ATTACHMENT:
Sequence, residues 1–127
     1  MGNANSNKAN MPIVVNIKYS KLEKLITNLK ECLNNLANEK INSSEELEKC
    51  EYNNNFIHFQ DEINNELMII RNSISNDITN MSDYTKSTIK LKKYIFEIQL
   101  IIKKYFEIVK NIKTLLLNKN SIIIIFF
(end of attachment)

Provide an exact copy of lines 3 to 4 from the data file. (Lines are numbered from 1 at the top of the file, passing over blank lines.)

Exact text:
    51  EYNNNFIHFQ DEINNELMII RNSISNDITN MSDYTKSTIK LKKYIFEIQL
   101  IIKKYFEIVK NIKTLLLNKN SIIIIFF